1. Remove V1, V2V3 and the Oscilloscope from the schematic. Do not remove the On-page connectors.
  2. Open the Component Browser, and place the 282834-4 terminal block from the Connectors Group, TERMINAL_BLOCKS Family. This connector will be used to connect the power supplies (+V-V).
  3. Connect pin 1 of the connector to the +V On-page connector, pin 4 to the –V On-page connector, and pins 2 and 3 to ground, as shown in the next figure:

Figure 10. Connecting the terminal block.

  1. Place another 282834-4 terminal block on the workspace. This connector will be used to connect the input and output signals.
  2. Connect pin 1 of the connector to pin 3 (input) of the opamp.
  3. Connect pin 2 of the connector to pin 1 (output) of the opamp.
  4. Connect pin 3 of the connector to ground. The schematic will look like the next figure:

Figure 11. Schematic with terminal blocks.

  1. Select Transfer»Transfer to Ultiboard»Transfer to Ultiboard 13.0 and save the netlist file. Ultiboard will open automatically.
  2. Click OK to accept all the actions listed in the Import Netlist window. Ultiboard will create a default board outline. Note that all the parts are placed outside of the board outline and the yellow lines (ratsnests) identifying the connections between pins, as shown in Figure 12.

Figure 12. Default board outline and parts transferred from Multisim.

For this exercise we will use a 2x2 inch board. Follow these steps to resize the board outline.

  1. Locate the Design Toolbox on the left side of the screen.
  2. Select the Layers tab and double-click Board Outline to enable this layer, as shown below.

Figure 13. Design Toolbox.

The Layers tab of the Design Toolbox allows you to move between layers of your design and control the appearance of the layers.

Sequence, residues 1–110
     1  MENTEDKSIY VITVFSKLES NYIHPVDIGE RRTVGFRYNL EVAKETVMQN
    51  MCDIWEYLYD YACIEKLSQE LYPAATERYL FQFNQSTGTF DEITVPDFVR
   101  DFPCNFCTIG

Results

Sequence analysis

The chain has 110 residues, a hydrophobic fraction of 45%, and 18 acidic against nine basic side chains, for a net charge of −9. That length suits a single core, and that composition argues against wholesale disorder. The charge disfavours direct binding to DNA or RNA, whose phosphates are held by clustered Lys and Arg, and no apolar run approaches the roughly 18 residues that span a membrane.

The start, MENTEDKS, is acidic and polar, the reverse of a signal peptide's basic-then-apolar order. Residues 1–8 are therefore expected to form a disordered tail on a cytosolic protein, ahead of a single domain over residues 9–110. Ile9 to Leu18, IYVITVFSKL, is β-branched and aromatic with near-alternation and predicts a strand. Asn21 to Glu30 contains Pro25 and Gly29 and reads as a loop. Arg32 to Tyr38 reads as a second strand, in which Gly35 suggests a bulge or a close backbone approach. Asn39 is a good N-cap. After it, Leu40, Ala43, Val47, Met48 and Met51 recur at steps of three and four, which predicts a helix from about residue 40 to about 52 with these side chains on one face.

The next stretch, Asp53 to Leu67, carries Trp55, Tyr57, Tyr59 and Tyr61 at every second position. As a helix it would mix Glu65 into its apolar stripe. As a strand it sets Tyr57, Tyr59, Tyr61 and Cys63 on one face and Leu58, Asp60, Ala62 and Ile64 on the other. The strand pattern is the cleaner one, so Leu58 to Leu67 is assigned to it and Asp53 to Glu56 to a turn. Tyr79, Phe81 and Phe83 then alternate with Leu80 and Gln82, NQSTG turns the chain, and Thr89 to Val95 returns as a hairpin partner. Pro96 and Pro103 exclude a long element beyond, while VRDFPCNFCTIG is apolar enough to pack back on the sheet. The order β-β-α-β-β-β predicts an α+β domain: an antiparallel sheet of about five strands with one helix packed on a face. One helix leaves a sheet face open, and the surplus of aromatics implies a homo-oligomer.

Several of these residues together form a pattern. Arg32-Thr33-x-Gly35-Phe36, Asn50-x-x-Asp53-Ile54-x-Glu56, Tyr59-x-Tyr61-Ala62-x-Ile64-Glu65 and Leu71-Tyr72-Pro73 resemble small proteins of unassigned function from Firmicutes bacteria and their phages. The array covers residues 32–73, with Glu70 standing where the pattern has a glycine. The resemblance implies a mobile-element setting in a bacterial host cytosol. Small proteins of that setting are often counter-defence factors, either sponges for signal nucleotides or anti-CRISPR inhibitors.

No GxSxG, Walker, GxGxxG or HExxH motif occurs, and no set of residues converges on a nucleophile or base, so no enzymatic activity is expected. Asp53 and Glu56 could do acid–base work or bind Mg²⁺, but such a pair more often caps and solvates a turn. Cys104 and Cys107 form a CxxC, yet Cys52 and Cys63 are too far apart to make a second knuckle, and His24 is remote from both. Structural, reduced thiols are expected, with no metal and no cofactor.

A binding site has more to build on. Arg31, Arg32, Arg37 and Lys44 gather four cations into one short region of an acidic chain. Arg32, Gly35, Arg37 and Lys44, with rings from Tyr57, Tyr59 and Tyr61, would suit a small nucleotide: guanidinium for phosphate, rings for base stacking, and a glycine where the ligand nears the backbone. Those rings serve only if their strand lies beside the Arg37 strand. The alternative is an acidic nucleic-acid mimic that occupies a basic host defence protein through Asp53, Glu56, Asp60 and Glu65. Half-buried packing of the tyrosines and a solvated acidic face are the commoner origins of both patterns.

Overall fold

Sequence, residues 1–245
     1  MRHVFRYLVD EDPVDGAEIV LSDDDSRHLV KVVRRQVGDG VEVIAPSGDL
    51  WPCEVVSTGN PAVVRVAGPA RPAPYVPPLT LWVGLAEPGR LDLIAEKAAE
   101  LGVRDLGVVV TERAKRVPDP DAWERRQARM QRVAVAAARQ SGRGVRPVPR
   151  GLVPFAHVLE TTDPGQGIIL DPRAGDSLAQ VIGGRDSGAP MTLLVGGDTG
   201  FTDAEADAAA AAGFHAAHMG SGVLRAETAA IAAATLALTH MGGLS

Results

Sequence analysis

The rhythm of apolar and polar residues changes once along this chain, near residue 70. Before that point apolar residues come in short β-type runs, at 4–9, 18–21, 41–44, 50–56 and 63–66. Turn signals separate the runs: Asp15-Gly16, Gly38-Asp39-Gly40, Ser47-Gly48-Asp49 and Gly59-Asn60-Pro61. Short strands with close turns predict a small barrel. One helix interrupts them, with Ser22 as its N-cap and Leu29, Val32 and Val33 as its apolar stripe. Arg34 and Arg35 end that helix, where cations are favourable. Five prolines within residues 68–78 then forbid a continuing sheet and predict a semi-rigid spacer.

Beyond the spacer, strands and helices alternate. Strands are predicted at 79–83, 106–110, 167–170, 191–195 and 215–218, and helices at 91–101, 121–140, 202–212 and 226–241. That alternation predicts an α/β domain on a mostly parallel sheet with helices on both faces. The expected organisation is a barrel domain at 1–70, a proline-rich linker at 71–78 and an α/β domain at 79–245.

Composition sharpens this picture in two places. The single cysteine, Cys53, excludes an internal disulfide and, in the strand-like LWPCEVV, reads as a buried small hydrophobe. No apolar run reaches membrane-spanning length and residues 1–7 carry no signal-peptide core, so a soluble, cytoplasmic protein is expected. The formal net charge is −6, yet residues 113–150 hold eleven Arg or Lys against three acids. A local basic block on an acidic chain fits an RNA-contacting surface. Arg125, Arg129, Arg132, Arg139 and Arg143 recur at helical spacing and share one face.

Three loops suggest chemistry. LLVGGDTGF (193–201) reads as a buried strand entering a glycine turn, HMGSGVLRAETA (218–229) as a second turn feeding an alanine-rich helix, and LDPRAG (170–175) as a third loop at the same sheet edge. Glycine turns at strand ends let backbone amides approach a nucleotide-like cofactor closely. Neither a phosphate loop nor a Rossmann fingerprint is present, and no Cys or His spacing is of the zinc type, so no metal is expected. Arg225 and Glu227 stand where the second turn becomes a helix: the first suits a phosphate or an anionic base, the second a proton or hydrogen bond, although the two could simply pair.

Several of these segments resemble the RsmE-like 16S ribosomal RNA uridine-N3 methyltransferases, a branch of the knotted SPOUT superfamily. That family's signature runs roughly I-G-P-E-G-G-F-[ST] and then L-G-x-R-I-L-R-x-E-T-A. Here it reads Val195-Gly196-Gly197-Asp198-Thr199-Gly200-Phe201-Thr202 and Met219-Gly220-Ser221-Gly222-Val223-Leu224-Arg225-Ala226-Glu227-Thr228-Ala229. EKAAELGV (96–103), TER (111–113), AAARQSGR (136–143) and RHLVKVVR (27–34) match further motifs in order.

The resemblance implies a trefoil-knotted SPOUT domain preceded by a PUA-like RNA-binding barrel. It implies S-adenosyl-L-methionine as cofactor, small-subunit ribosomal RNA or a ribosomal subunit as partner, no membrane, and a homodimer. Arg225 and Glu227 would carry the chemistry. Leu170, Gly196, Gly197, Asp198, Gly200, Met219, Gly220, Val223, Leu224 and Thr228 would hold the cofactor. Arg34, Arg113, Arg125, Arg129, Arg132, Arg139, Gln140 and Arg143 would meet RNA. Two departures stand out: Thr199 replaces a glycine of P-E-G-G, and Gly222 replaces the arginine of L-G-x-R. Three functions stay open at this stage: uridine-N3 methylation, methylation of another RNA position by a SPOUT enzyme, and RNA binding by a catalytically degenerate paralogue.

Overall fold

1. Go to the toolbar area and locate the Select toolbar, referring to the following figure.

Figure 14. Select toolbar.

The Select toolbar contains the functions used to control selection filters. In other words, these filters control what can be selected by the mouse pointer.

  1. Disable all the filters except Enable selecting other objects.
  2. Double-click the board outline on the workspace area to open the Rectangle Properties window.
  3. Select the Rectangle tab, change Units to inch and enter 2 for Width and 2 for Height.
  4. Click OK.


Part E: Routing the Board

Place components inside the board.

  1. Go to the Select toolbar and disable all the filters except Enable selecting parts.
  2. Drag part J2 and drop it inside the Board Outline. You can rotate parts by using the <Ctrl+R> shortcut.
  3. Place the rest of the parts inside the Board Outline, use Figure 15 as guidance.

Figure 15. Parts placement.

For this exercise you will place traces on both the Copper Top and Copper Bottom layers.

  1. Double-click the Copper Top layer in the Design Toolbox.
  2. Select Place»Line.
  3. Locate part U1 (the opamp). Note that pin 1 needs to be connected to R1, as indicated by the ratsnest.
  4. Click pin 1 of part U1, draw a line to R1 and click its pin to finish the trace. Press Esc to exit the routing mode. The trace will look like the following figure:

Figure 16. Placing a trace.

  1. Double-click the the Copper Bottom layer in the Design Toolbox.
  2. Select Place»Line.
  3. Click pin 2 of part U1, draw a line to R1 and click its pin to finish the trace.  Press Esc to exit the routing mode. Note that the color of the trace is red, which is the color configured for the Copper Bottom layer.
  4. Finish placing traces for the rest of the connections. Your board should look like Figure 17.

Figure 17. Routed board.

  1. Select View»3D Preview to open a 3D view of your design, as show below.

Figure 18. 3D Preview.